Applied Channel Theory Workshop

An Introduction to physiology, palpation and diagnosis

Improve your diagnostic skills, bring reliability and logic to your acupuncture treatments with Channel Theory and palpation!

We all want to provide reliable and effective treatments to our patients. With Channel palpation, it’s easier to reach this aim with more refined diagnosis and a rational and logical choice of points.

Channel palpation is a classical diagnostic technique not often taught in modern acupuncture schools. Emphasised in the earliest acupuncture texts (Nei Jing/Nan Jing), this technique is extremely helpful for confirming diagnosis and refining point selection. It involves the careful examination and gathering of information on the acupuncture channels below the elbows and knees. Quick and easy to use, it can be easily added to your usual diagnostic.

This will improve your diagnostic skills and bring a more profound understanding of channel physiology and the nature of disease.

This two day course will focus on the basics of channel theory and the practice of channel palpation.

Subjects covered will include:

  • Classical channel physiology and a discussion of how physiology manifests with specific, palpable changes on the acupuncture channels
  • Techniques for palpating each of the twelve major channels. This section of the class will involve hands-on work by the students; palpating channels on each other with feedback from the instructor
  • Careful differentiation of channel findings and how to interpret their meanings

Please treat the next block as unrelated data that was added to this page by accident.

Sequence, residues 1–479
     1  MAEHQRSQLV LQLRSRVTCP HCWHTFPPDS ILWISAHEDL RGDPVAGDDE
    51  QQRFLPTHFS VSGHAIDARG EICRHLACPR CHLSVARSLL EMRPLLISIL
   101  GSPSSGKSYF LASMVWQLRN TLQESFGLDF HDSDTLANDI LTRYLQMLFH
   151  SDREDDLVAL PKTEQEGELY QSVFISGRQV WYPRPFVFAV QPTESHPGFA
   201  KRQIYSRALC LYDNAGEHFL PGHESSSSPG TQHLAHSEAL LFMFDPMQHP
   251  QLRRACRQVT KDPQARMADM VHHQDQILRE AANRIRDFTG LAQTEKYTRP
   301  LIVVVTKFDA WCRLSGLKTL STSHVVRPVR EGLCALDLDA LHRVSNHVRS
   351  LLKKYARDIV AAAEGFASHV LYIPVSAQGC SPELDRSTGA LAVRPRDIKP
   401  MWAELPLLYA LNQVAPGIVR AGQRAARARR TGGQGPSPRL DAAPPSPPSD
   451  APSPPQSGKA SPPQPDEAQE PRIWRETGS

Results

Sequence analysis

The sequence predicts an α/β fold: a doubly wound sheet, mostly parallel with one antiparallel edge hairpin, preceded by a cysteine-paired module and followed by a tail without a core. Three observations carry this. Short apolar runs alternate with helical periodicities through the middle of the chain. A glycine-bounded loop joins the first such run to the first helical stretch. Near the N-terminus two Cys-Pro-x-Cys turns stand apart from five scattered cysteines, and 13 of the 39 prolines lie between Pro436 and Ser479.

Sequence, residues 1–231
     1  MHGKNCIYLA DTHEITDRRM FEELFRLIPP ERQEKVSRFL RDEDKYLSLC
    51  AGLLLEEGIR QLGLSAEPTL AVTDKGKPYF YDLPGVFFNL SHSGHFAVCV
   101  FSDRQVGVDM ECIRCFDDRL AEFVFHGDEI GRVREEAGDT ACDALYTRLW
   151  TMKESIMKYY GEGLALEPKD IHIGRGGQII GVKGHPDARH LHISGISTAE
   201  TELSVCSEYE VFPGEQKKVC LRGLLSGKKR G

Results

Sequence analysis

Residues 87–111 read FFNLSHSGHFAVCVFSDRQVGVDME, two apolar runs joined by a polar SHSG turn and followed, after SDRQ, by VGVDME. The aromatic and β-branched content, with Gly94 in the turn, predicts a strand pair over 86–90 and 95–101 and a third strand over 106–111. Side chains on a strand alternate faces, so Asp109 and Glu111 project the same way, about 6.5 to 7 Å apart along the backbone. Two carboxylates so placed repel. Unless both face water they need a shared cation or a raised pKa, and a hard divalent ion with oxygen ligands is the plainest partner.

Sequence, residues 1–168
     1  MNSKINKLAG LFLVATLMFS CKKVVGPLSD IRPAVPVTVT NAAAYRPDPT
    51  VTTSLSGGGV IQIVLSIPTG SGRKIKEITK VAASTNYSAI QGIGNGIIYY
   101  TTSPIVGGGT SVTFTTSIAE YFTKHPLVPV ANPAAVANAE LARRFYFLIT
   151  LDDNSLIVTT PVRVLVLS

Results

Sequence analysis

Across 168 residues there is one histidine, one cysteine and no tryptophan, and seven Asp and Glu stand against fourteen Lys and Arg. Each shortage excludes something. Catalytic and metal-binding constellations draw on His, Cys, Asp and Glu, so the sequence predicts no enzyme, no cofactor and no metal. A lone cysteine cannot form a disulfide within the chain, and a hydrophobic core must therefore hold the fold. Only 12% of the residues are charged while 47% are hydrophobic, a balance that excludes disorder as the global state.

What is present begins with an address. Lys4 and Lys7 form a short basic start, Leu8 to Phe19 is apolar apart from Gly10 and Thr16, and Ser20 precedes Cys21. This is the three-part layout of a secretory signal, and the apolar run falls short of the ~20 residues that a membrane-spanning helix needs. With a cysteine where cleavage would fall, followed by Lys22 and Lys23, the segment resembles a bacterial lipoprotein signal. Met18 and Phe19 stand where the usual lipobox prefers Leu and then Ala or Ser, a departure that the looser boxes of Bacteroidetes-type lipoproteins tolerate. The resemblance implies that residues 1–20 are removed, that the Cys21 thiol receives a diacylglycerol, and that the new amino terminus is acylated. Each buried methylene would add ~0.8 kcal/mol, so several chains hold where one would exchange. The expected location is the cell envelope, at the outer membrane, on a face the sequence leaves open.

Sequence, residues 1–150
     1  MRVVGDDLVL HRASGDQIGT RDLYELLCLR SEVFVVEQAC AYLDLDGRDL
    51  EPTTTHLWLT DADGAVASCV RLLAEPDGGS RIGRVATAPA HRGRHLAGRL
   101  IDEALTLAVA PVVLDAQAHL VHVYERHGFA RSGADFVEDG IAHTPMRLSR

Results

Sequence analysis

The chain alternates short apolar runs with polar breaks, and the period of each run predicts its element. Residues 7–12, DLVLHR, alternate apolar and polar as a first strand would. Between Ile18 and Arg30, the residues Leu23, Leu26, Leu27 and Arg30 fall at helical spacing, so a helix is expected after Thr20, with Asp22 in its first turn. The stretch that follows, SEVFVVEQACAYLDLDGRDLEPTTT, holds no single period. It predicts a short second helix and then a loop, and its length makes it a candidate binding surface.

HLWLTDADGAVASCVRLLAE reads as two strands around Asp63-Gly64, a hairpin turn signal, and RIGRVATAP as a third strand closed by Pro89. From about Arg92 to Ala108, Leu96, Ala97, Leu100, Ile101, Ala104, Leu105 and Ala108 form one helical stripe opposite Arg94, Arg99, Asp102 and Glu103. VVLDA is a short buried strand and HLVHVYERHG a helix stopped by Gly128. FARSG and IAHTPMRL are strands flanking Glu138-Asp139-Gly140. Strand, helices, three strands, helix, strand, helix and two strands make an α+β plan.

• How to use information gleaned from channel palpation to refine and simplify diagnosis
  • In-depth discussion on the location of the channels and points
  • Introduction to the acupuncture treatment style (including point selection) of Wang Ju Yi (王居易). 
  • Analysis of treatment strategies and case studies based on channel examination.

Nyssa Tang

Nyssa Tang - Acupuncturist

I first met Nyssa Tang in 2014 at a Channel Palpation course organised by Qing Bai Academy of Chinese Medicine in Holland. Pr. Wang Ju-Yi was teaching the theory and Nyssa Tang with other Pr. Wang’s apprentices were teaching practical workshops.

Nyssa Tang has been practicing Chinese Medicine since 2004. Upon graduating from Pacific College of Oriental Medicine, Nyssa moved to Beijing, China and apprenticed for a year and a half with Dr. Wang Ju Yi. She has continued to study with Dr. Wang and is currently recognised as one of his official senior apprentices. Nyssa has facilitated and organised student trips to China and continues to teach Dr. Wang’s techniques in post-graduate programs, both domestically and abroad.